After a fight with cancer, the pro-life movement lost one of its unsung heroes, Dr. Russell Sacco, this June. A father of four and grandfather to eight, he is also survived by Elizabeth, his loving wife of 58 years.
Dr. Sacco, a urologist who practiced in Oregon and one of the founding members of Oregon Right to Life, might not be familiar to you but his impact on the pro-life movement cannot be quantified.
Oregon first legalized abortion in 1969 under Senate Bill 193. It was only a matter of time before the issue made it to the Supreme Court of the United States.
A long-time Catholic, Dr. Sacco was convinced in his pro-life beliefs but also was concerned about the lack of education he experienced in medical school about fetal development. He started researching the issue whenever he could, having discussions with colleagues along the way.
One afternoon in 1970, at a Portland hospital, he was visiting with a fellow pro-life Oregonian, a pathologist. The pathologist was responsible for destroying the bodies of babies following abortions. He didn’t feel able to do this and had placed some of the bodies into formaldehyde. That day, he showed the remains to Dr. Sacco.
Dr. Sacco was shocked at first but realized this was an opportunity to redeem the short lives of those little humans. He consulted textbooks, determining the age of the babies, then photographed them.
Struggling to show the scale of the babies’ size in comparison to their development, he took one 10-week old baby in his hands, holding its feet between his forefinger and thumb.
“All of a sudden, I saw these tiny feet; these perfectly formed tiny feet, with little toes, little wrinkles and creases and I held them between my fingers and took the picture. I was crying because I felt so bad – it just really got to me,” he said. “I really didn’t think the photo would be anything, but God must have taken the picture because it was perfect, and I knew that this would be one powerful way to send a message to the world, as this unborn baby was only about 10 weeks along.”
The babies’ bodies remained with the pathologist but Dr. Sacco took their photos with him and shared them with many, spreading the humanity of other such tiny lives. One of the people he shared them with helped the photograph become famous.
Described by some as the father of the pro-life movement, Dr. John Willke founded Cincinnati Right to Life in 1970 and Life Issues Institute in 1991. In 1971, he was giving a talk to the California Pro-Life Council. Dr. Sacco was in attendance. Afterwards, he showed his pictures to Dr. Willke.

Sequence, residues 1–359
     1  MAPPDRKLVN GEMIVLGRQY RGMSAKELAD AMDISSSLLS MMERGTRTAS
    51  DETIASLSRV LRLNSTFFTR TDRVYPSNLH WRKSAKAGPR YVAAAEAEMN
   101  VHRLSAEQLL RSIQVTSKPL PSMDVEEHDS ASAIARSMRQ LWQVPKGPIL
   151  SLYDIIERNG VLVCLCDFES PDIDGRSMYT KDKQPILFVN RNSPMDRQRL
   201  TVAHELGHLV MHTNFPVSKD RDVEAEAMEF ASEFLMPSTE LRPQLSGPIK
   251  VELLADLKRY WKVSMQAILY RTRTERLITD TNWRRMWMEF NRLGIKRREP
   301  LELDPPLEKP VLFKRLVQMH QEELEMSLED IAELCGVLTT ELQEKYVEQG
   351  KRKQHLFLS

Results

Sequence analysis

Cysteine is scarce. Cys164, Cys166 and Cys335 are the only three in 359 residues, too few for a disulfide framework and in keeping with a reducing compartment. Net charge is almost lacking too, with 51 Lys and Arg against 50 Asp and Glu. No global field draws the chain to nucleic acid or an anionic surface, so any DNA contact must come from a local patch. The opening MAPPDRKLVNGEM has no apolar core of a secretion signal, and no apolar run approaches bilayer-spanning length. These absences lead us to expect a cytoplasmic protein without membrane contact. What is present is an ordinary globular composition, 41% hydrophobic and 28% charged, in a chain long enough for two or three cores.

Dr. Willke also recognized that these images were incredible tools to help advocate for the lives of the unborn. He printed them in his book, “Handbook on Abortion,” and in brochures and pamphlets.
Other pro-lifers followed suit, using the images. On January 22, 1974, Ellis and Virginia Evers opened their local newspaper, The San Diego Union, to see a full-page ad featuring the photo of the tiny feet. Inspired, Virginia carefully modeled the iconic “Precious Feet” pins.
When Dr. Sacco saw the pin, he was impressed by the accuracy of the design.
“They did it perfectly and designed it to match the size of the tiny feet I held, and was made of metal,” he said. “I was so surprised that this happened and very pleased. I am told that these pins and this picture have helped save lives and that makes me happy.”
The Precious Feet design was elected the International Pro-Life Symbol at a symposium in Ireland in 1979. To date, more than 20 million Precious Feet pins have been distributed worldwide.
Dr. Sacco always was convinced that if people knew what the unborn looked like, they would reconsider their position on abortion. He took those photos hoping to counterbalance the narrative that they were nothing more than “blobs of protoplasm.”
“We owe so much to Dr. Sacco,” says Lois Anderson, ORTL executive director. “He was a faithful, humble advocate for the vulnerable and will be deeply missed.”
With the help of Dr. Willke and the Evers, he did counterbalance the narrative. Countless babies have been saved, many we know about and many more we don’t.
Requiescat in peace, Dr. Sacco. We will carry on your work.